MaxKatt

Under Water: Coastal Fragility & Our Rising Seas (free)

Rate this topic

15 posts in this topic

I can't provide links to register here, but you can Google it and join if you're interested.

 

If you have any questions, please email Louise McMath:   lmcmath@ldeo.columbia.edu.
 
Registration is required

 

Screen Shot 2020-10-12 at 12.20.12 PM.png

Screen Shot 2020-10-12 at 12.20.26 PM.png

Share this post


Link to post
Share on other sites
On 10/12/2020 at 0:35 PM, Shipwreck said:

Did Al Gore already beat you here?

 

Wasnt NYC supposed to be underwater right now?

 

While you're joking about an existential crisis, real estate values are already into a decade long drop, and insurers who bet on this stuff as a science for a living know exactly what the score is.  

__________________________________________________

 

 

With single-family homes selling for an average of $3.6 million, Bal Harbour epitomizes high-end Florida waterfront property. But around 2013, something started to change: The annual number of homes sales began to drop — tumbling by half by 2018 — a sign that fewer people wanted to buy.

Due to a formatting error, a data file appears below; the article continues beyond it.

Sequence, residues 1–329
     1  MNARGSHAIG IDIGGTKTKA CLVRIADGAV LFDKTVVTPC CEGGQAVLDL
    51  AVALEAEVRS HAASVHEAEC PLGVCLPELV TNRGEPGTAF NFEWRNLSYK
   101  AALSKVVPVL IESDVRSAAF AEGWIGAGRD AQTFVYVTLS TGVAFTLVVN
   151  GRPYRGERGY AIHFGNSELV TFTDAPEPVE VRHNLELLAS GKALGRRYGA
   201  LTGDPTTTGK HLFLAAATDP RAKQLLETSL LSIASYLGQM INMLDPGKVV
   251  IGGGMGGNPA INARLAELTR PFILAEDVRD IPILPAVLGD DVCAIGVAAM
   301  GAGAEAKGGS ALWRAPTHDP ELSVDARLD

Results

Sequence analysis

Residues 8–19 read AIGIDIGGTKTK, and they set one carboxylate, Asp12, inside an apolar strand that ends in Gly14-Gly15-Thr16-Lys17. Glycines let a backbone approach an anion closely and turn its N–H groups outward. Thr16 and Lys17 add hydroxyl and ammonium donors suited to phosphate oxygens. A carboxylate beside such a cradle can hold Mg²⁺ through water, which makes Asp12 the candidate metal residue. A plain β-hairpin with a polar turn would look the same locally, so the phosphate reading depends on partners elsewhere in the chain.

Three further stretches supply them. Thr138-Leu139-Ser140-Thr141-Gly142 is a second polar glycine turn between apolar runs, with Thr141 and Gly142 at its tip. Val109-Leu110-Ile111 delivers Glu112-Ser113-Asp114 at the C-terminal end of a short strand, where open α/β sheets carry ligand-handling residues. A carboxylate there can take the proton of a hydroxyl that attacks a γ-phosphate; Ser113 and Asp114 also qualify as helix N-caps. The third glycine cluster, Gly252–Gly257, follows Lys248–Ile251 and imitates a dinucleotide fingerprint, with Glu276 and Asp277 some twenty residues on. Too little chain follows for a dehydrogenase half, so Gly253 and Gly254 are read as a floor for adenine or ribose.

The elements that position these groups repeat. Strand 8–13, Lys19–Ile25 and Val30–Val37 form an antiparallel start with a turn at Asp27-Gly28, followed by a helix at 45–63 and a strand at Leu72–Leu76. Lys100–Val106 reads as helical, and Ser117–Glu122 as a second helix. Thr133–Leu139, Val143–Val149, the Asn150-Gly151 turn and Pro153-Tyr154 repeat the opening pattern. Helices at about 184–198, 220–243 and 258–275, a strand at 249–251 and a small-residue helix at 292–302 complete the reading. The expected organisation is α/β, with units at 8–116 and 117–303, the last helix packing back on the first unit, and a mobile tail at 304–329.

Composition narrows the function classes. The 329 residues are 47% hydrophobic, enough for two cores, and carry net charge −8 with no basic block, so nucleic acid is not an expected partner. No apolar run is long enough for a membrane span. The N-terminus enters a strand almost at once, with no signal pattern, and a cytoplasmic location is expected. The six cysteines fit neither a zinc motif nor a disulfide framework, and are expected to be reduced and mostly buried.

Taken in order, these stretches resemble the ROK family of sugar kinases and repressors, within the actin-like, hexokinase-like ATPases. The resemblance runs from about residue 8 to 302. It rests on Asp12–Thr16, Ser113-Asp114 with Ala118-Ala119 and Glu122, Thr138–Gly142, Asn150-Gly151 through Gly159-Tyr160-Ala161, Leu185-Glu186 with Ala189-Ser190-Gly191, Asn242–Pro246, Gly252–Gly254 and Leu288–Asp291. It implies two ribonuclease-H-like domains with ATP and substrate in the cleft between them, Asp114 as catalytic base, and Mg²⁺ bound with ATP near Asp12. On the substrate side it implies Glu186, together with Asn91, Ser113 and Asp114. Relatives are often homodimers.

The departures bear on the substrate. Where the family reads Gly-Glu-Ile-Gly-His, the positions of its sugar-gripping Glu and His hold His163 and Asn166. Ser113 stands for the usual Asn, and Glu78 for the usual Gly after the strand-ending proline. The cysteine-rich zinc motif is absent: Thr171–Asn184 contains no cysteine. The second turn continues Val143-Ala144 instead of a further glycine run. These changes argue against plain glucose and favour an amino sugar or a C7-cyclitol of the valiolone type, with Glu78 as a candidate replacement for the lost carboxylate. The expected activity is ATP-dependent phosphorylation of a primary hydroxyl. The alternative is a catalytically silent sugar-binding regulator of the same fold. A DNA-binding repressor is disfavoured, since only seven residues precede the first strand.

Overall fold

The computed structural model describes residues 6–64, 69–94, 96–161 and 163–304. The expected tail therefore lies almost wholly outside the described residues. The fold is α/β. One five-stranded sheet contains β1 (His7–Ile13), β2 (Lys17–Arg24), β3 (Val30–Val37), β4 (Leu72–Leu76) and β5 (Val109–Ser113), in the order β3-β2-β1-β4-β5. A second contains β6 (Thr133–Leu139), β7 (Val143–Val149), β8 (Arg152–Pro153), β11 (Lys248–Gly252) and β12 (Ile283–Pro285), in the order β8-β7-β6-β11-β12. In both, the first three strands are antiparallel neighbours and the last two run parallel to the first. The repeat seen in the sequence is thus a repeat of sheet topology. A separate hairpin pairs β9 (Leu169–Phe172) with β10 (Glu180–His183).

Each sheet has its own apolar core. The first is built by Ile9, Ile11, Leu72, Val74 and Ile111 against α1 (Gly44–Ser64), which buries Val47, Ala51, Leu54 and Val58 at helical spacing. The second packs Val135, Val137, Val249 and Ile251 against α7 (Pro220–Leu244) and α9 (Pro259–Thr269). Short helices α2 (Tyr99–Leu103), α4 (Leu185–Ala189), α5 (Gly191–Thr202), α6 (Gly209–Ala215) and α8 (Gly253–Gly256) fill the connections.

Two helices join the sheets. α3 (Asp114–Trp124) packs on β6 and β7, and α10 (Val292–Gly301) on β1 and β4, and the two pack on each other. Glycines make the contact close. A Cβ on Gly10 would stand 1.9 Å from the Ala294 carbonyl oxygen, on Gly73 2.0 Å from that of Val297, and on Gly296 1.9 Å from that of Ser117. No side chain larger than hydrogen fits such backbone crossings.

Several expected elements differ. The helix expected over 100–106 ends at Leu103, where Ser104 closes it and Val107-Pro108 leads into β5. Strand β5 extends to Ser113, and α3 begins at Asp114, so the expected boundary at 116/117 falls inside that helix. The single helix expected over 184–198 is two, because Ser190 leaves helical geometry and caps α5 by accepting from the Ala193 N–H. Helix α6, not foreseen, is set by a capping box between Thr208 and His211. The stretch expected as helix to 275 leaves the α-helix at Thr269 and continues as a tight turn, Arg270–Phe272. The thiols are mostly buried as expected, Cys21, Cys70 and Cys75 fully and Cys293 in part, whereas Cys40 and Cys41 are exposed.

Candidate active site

Prices eventually followed, falling 7.6 percent from 2016 to 2020, according to data from Zillow, the real estate data company.

 

All across Florida’s low-lying areas, it’s a similar story, according to research published Monday. The authors argue that not only is climate change eroding one of the most vibrant real estate markets in the country, it has quietly been doing so for nearly a decade.

 

Screen Shot 2020-10-14 at 11.26.37 AM.png

Screen Shot 2020-10-14 at 11.24.31 AM.png

Share this post


Link to post
Share on other sites

If the seas are rising why did Obama buy a 14 million dollar waterfront home ? It’s funny but where I fish the tide comes in and it goes back out but the average high tide mark is still the same as it was 30 years ago. 

Share this post


Link to post
Share on other sites
1 hour ago, MaxKatt said:

 

While you're joking about an existential crisis, real estate values are already into a decade long drop, and insurers who bet on this stuff as a science for a living know exactly what the score is.  

__________________________________________________

 

 

 

Yeah, Real Estate is at a 4 decade low in NYC because of Cuomo and DeBlasio, having nothing to do with climate change and everything to do with their Leftist policies. It costs four times as much to rent a U Haul in California going to Texas as it does to rent one in Texas going to California. 

The only thing wrong with this country right now is Democrats...that's it.

Share this post


Link to post
Share on other sites
14 mins ago, TFLT said:

If the seas are rising why did Obama buy a 14 million dollar waterfront home ? It’s funny but where I fish the tide comes in and it goes back out but the average high tide mark is still the same as it was 30 years ago. 

but but but Obama....

Share this post


Link to post
Share on other sites
13 mins ago, RockRonin said: